Friday, 28 August 2020

John Wesley; Faith and Politics


“How Far Is It the Duty of a Christian Minister to Preach Politics?” This was the title and the question posed in a short essay written by the Rev. John Wesley in 1782.  Like many people of his time John Wesley appears to have still been a believer in the “Divine Right of Kings” at a time when England was steadily moving into a state of Constitutional Monarchy.  In his sermon on Sunday 16th August, the Rev. John said; “Unfortunately, he (Wesley) confines the preaching of politics to defending the King, and the King’s ministers, against slanders and lies”.

History is sometimes unkind to the memory of certain historic figures and poor old King George 111 is one such maligned figure; with any mention of him quickly leading to stories of his “madness” and the loss of the American Colonies after the War of Independence from 1775 to 1783 during his reign.  But George 111 was actually a much more interesting King in changing times with problems like the threat of the Jacobites and Bonny Prince Charlie and France eager to retaliate against Great Britain following their defeat during the Seven Years' War.  There were also various conflicts against Napoleonic France which started in 1793 and led to the Battle of Waterloo in 1815.

In 1751 young George’s father died, making him the heir to his grandfather King George 11 who died in 1760.  George 111 was only 22 when he became King and he was the first of the Hanoverian kings to be born in England and call English his first language, although he spoke fluent German and also learned to speak French. 

He was one of Britain’s most cultured monarchs and he set a good example by loving and respecting his wife and taking no mistress.  George 111 and his wife Charlotte had 15 children with 13 surviving into adulthood. 

George 111 seems to have shared some of the interests that inspired the Rev. John Wesley and it is easy to understand that the King would have gained the approval of Wesley.  The King started a new royal collection of books and 65,000 of his books were later given to the British Museum, as the King’s Library and the nucleus of a national library.  He also had two other private book collections at Windsor which indicate the diversity of the King’s interests, like science, agriculture and farming.  He was nicknamed “Farmer George” for his great interest in agriculture.   George 111 studied science as part of his education and he had his own astronomical observatory.  The Science Museum now has a collection of some of his scientific instruments on display.  George 111 made accurate drawings and calculations of the Transit of Venus across the Sun on 23rd June, 1769 and accurately forecast further transits in 1874 and 2004.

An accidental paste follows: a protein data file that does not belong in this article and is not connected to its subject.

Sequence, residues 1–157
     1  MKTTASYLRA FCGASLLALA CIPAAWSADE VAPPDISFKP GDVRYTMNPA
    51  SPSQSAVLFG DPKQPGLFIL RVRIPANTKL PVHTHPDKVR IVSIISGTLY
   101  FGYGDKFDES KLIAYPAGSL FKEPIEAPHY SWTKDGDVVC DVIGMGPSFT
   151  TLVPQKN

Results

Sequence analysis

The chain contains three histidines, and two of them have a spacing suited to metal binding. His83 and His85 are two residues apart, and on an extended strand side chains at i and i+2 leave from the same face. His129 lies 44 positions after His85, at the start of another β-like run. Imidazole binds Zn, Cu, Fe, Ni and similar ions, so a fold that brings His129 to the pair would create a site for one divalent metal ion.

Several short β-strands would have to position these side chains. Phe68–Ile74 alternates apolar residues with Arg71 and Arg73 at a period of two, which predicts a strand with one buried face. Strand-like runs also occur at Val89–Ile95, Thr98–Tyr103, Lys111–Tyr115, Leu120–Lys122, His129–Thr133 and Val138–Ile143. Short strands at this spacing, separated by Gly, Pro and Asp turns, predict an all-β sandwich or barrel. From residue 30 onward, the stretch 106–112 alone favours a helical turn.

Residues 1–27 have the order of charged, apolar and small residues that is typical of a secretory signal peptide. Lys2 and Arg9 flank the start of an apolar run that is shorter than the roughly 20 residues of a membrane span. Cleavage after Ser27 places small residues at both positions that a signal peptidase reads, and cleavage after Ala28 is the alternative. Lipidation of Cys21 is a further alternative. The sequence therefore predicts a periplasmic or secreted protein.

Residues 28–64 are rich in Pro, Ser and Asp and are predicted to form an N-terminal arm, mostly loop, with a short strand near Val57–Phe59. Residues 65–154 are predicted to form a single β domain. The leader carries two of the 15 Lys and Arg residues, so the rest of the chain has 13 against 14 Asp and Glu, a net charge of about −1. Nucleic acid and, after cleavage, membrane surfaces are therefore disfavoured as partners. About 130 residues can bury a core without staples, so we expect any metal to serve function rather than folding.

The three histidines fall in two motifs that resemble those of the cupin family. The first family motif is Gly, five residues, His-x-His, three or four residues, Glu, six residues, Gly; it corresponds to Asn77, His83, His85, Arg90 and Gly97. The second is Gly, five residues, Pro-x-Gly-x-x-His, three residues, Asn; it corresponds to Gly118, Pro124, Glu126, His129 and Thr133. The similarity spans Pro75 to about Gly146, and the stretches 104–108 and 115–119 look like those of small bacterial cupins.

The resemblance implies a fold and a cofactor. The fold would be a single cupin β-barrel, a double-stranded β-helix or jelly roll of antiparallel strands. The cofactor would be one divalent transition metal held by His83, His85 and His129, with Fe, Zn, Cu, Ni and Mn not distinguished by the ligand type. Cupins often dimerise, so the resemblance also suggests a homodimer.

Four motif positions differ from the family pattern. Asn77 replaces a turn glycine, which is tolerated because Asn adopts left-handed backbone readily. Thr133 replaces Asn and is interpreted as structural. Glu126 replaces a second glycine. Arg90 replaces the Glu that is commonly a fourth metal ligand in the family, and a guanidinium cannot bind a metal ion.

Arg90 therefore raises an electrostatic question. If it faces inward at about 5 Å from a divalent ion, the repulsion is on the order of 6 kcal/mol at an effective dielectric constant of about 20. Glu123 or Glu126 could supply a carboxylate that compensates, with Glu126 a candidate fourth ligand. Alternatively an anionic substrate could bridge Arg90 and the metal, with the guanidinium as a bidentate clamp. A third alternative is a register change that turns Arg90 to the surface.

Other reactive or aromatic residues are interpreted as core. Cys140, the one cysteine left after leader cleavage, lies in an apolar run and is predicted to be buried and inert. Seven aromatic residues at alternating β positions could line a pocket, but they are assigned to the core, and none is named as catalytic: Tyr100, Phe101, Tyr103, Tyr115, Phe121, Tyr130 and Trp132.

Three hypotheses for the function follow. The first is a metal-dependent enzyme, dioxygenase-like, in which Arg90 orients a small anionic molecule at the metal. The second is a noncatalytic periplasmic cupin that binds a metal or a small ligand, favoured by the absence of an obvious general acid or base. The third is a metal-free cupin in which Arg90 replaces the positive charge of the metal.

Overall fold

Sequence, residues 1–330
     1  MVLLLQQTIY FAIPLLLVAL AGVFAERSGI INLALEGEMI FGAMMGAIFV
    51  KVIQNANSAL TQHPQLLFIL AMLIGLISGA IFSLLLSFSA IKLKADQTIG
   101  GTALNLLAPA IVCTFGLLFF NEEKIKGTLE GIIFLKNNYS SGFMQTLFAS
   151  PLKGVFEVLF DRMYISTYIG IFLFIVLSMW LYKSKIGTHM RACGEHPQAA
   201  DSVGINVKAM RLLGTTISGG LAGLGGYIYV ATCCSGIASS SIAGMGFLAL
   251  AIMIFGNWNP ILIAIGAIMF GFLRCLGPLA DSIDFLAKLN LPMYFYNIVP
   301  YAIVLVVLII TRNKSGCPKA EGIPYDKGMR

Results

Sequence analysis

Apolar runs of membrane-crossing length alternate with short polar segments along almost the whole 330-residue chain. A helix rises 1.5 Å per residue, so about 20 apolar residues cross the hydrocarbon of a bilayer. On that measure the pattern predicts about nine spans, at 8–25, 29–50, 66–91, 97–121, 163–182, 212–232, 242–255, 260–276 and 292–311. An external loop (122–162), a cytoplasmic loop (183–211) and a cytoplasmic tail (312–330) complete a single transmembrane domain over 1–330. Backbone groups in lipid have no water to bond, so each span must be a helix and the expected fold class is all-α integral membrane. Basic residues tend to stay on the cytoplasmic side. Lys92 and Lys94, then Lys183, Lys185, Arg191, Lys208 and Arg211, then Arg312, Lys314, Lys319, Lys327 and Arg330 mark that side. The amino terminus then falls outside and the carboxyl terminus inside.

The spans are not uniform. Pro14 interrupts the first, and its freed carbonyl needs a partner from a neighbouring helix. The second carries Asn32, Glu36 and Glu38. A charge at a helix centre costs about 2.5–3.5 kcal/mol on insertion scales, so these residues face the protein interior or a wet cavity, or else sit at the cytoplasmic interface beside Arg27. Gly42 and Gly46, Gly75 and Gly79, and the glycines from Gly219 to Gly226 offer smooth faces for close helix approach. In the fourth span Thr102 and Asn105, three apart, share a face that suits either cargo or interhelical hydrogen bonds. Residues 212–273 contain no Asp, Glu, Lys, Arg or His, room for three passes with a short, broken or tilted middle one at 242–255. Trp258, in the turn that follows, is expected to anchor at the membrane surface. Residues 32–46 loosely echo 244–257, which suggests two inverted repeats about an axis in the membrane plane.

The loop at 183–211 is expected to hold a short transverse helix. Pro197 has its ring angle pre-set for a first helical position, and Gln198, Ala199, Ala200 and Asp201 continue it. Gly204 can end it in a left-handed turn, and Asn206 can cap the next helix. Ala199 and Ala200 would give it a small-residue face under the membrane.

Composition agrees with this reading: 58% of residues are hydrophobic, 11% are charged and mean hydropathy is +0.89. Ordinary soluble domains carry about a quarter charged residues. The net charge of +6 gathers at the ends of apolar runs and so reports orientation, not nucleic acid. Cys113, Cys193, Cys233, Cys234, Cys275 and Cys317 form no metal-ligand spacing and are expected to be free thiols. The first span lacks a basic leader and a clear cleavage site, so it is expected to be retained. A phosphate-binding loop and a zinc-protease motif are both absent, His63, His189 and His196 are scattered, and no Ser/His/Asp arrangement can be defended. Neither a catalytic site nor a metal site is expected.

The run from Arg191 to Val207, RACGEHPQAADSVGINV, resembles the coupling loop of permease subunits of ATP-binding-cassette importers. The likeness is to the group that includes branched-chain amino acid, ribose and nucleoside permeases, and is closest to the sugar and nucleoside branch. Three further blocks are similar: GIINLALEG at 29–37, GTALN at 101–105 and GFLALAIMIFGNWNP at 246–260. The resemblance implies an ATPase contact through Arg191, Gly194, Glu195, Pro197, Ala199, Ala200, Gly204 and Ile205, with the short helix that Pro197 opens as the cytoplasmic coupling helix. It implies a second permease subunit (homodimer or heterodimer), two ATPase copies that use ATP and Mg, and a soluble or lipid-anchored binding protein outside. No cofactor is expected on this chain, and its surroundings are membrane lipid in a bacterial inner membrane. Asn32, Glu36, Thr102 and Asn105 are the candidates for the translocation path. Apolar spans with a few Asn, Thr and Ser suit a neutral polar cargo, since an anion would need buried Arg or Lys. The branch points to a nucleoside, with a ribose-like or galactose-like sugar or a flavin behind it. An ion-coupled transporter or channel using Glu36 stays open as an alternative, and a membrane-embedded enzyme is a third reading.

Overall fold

To be fair, I should write something of the genetic illness called porphyria, long thought to be the cause of the mental instability and blindness that increasingly afflicted him with serious bouts of illness in 1788-89 and again in 1801.  It was not until 1810 that King George 111 became permanently deranged and was declared mentally unfit to rule.  His eldest son – who later ruled in his own right as George IV - acted as Prince Regent from 1811. As a result of new studies of King George 111’s letters and analyses of language and style of writing, there is growing belief the King may have been suffering from hypomania which is now called bipolar disorder as far as I can work out.  It appears that he was given arsenic poison to “cure” him and that could have made his situation so much worse.  I am so glad that I live in the 21st century aren’t you?

I should return to the Rev. John’s thoughts about John Wesley’s essay; “Three times in this short essay, he says that the chief business of the clergy is to preach Christ, and Christ crucified. That seems to sum up Wesley’s attitude toward the political system. That attitude is almost a hands-off one. Don’t bother with politics, except to set the record straight when people lie about the King or the King’s ministers.”